Analogue Music | Neal Francis

Neal Francis

By Matt Conner

Neal Francis likely still has a "World Tour" t-shirt available if you want one.

Just like so many other musicians, Neal Francis lost a thing or two during the global pandemic. He and his bandmates were two weeks into a long, long stretch of concert dates that included a month in Europe, another planned month in Europe later in the year, and even an appearance in Japan. The plans were so exciting that Neal and friends ordered some "tongue-in-cheek" Neal Francis World Tour shirts to commemorate the year ahead—only to have everything shut down.

In response to the losses of the last year, Neal found a way to lean into the unknown by making more music than ever and learning to record as well. In Plain Sight is the brand new album, coming out this Friday, as the follow-up to Neal's last album, Changes. It's another compelling amalgam of genres, and even the lost opportunities seem like they're coming back.

This year has taken Neal and company on the road with Black Pumas as well as festivals all over the States. This winter, he'll even try the European dates again. We're not sure if he should order another round of shirts, but we are sure that music this good will find its way and carry him to new heights just yet—even if he's had to wait at first.

Analogue: The release of In Plain Sight is coming up. How is this time emotionally for you leading up to its arrival?

Neal Francis: I’m excited. I’ve ridden the wave of “this is terrible” or “I can’t listen to this anymore” or “everybody is going to hate this.” Now I’m better. I’m coming back from that trough and now I’m at an even point where I don’t listen to it anymore, but I also am accepting when people tell me that they like it. I’m happy about it.

I’m very proud of what we were able to do as a band, y’know? That’s where I’m at. I just have to take it a day at a time to tell you the truth.

Analogue: Glad you said that because I wanted to ask about the other side where you allow yourself to feel proud or excited by what you’ve made.

Neal: The process of mixing was new to me just in terms of how intense it was and how long it took. It was a lot of emotion going on. As I said, I really rode the wave. I didn’t really have any chance for revisions after the fact. We did do some, but I guess I’m a little scattered on it because it was six months ago now, and it was also a pretty weird time. We weren’t sure things were going to open back up, etc.

Analogue: What’s it been like playing these songs live? Has it gone as you’d hoped?

Neal: Yeah, that’s been really enjoyable. We got “Aladema [Apartments]” going first and gradually just bitten off two or three at a time. Now we’ve got the entire record plus another two or three cuts that didn’t make the recording that we’re now playing live. It feels good to have all that new material. It’s definitely a new flavor because we don’t have all the instrumentation to cover all the parts, so there are different live versions for sure.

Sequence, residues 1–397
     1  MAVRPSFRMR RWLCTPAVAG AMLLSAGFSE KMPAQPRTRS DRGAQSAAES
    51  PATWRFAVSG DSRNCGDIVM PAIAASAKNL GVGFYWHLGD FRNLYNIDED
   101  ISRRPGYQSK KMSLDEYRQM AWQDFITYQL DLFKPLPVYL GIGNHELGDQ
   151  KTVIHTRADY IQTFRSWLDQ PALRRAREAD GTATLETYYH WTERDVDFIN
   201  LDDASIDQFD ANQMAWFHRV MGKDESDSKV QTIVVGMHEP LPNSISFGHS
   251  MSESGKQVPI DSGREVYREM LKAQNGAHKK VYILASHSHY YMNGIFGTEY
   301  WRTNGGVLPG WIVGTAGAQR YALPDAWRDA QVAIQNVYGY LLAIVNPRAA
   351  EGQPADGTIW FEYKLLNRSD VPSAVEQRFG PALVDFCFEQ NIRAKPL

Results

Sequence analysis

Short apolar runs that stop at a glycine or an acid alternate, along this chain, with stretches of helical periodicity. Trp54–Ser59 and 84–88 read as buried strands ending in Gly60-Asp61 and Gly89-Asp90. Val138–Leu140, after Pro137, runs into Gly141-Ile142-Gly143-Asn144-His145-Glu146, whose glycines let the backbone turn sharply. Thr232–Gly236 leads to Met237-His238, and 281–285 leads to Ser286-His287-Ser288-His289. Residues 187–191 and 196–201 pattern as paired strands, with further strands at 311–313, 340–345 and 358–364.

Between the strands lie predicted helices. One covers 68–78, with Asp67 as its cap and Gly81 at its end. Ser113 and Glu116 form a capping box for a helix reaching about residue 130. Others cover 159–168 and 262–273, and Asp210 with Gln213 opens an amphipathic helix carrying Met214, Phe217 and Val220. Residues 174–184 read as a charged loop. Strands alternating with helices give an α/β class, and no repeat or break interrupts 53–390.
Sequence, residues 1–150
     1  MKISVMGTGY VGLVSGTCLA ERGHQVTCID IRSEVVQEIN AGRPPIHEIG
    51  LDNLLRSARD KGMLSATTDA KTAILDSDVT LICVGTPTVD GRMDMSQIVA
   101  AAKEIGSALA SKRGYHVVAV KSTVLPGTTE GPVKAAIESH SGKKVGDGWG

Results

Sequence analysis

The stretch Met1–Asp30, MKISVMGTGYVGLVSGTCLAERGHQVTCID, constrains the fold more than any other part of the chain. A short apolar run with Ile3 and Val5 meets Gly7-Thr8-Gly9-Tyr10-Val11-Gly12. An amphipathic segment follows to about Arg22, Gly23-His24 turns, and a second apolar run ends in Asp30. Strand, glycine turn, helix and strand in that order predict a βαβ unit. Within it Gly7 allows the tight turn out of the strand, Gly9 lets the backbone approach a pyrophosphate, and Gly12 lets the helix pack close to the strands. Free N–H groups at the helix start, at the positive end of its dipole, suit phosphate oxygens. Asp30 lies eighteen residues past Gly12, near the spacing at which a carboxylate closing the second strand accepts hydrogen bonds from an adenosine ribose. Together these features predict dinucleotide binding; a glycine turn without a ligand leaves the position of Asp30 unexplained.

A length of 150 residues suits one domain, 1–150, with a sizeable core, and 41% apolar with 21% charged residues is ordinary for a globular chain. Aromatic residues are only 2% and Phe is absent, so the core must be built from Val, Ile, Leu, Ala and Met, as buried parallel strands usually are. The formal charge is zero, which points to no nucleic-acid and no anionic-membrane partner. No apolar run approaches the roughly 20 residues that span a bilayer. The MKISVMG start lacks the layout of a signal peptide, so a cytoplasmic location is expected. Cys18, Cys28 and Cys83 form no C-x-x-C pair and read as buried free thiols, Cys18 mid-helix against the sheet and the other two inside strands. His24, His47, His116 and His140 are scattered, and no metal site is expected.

Analogue: I want to step back just a bit and ask about Changes (2019). When you wrapped up that cycle, did you know what you wanted to do next, sonically speaking? Or was it more organic than that?

Neal: There was no defining north star for the development of this record. It was more like the latter of what you just described of things coming along. I was doing the first demos for this record pretty shortly after I recorded Changes. Even before that released, I had demos for “Alameda” and “Sentimental Garbage”. Then the rest of the record was mainly written during the pandemic as I was learning how to record as well.

Neal Francis
Neal Francis

Analogue: You mentioned some individual tracks and that makes me want to ask about “Prometheus,” since that’s such a striking track.

Neal: Thanks man, I really am proud of that track as well. I had an 8-track and guitars left where I was living with the drummer. I demoed out the instrumental for that and then did a co-write to actually come up with lyrics for it. Then I completely rewrote the lyrics on my own after that.

That Prometheus myth was at the forefront of my thoughts. I’d also watched the movie The Lighthouse, which was based on a similar myth and I felt like I was trapped in a similar isolation. I saw it before the pandemic with a girl I was hoping to date, so I went into it blind. It was so crazy. I’m still friends with her but it was totally weird. [Laughs]

Analogue: Did your last tours take you into the U.K. and Europe, because I saw you have upcoming dates pretty much everywhere including overseas?

Neal: We were supposed to go right after the pandemic, actually, like on March 24. That was supposed to be when we left. We were getting ready for a long one, too. It was one month in Europe—like two weeks in Sweden and then two more in continental Europe then another later in the year that would have been another month.

Then we were supposed to go to Japan for Fuji Rock in August, so last year we had this world tour and we even printed up these t-shirts that were tongue-in-cheek that read “Neal Francis World Tour 2020”. And then of course we get two weeks into our tour and everything gets canceled. Then it was like, ‘All right, we’re having a sale on these world tour t-shirts.’ [Laughs]

Analogue: [Laughs] Wow, that’s both horrible and yet somehow funny.

Neal: Oh yeah, we were able to see the comedy in all of it.

VISIT: Neal Francis